Back in Hell Review (Ave Noctum)

This is the debut solo album from Steve whom some of you will know as the mastermind behind Hamerex. With Hamerex effectively being put on hold last year, Steve has worked to bring his solo vision to the world, made all the more possible with crowd funding of the dedicated followers. Steve wrote all the music and recorded all the instruments himself. Coupled with a wrist injury from doing the drums, we are 5 months later than originally planned. However, the results are worth the wait.

What I will say immediately is that the quality of the drums is immensely better to that of say Hamerex recordings. Finally, we have the intended sound capture that provides the meat behind the other instruments. Those who know Steve’s previous work will be well aware of his influences. What you will get when going ‘Back in Hell’ is much homage to Messer’s Maiden, Priest, Saxon and a touch of Queensryche. Form the start, the album title track sets out the foundations. A great British metal romp and as each track progresses, you can get more immersed into the release. When you reach ‘The Prophet’, you have a complete picture. The next three tracks that follow (‘Arabian Nights’, Out of This World’ and ‘The Midas Touch’) are perhaps the most compelling and musically accomplished pieces, it’s a real shame these three tracks don’t have lyrics, hopefully, someday! However, with this evolution nearing its on completion, ‘Twisted Evolution’ continues to show the class and versatility of a damn fine musician.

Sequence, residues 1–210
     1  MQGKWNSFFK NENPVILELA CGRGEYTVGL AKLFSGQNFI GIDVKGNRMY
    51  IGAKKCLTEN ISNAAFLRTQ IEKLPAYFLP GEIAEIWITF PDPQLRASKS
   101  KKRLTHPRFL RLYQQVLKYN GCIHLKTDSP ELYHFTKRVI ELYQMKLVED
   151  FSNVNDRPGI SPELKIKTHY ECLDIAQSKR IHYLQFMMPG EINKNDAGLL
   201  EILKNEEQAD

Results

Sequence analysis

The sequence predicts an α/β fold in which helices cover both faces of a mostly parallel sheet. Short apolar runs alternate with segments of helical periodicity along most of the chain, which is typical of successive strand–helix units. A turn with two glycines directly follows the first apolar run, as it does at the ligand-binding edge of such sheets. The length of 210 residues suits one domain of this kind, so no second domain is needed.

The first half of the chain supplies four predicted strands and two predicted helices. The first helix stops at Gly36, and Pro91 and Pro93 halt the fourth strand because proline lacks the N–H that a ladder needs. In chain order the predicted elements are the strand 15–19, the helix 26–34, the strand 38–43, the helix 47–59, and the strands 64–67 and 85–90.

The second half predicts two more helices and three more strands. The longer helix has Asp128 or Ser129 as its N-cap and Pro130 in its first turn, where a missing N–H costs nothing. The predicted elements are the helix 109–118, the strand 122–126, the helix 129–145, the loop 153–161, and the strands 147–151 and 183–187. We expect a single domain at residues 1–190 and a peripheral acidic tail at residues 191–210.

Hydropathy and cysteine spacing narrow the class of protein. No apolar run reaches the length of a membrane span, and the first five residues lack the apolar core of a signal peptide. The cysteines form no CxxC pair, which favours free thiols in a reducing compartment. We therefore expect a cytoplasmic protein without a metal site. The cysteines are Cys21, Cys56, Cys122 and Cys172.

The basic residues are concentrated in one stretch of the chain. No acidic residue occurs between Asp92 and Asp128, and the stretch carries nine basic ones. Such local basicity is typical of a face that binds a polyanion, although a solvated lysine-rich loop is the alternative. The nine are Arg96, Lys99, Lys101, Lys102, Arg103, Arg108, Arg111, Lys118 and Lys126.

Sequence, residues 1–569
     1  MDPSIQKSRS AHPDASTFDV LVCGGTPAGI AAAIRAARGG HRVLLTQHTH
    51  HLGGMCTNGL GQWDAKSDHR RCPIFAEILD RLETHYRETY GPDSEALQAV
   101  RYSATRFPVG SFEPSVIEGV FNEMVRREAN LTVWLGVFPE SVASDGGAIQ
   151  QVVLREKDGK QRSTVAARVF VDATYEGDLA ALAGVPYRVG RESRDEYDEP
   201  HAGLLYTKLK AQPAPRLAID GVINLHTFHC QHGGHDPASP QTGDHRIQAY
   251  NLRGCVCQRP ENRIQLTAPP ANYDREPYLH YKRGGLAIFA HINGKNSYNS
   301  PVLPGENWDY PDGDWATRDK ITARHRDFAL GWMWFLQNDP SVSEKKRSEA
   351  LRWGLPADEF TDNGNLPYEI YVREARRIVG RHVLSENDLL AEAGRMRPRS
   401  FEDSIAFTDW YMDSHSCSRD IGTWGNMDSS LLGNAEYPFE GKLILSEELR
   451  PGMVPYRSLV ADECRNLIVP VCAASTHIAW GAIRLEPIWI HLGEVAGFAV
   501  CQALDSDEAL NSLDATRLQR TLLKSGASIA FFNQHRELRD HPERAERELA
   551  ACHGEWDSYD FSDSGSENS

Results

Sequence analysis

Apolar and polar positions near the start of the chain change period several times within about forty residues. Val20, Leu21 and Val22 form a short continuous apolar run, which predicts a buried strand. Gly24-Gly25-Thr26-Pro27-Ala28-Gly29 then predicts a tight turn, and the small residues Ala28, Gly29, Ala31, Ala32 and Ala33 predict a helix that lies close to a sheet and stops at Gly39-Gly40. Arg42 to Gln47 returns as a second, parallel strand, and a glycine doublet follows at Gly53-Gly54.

Steve’s not afraid to go epic either…taking ‘The Slain/Tues That Bind’ as an example. The work put in and recorded is special, a great light for British metal. Working with Andy Firth who co-mixed and mastered the album, really has paid off. As I mentioned earlier about the drums, the rest of the production feels fuller and a lot more buoyant than previous projects. I am most pleasantly surprised and also genuinely pleased for the artist.

All in all, this is British metal taking inspiration from masters of the scene that has developed into a combined influential and proficient recording.

(8.5/10 Paul Maddison)


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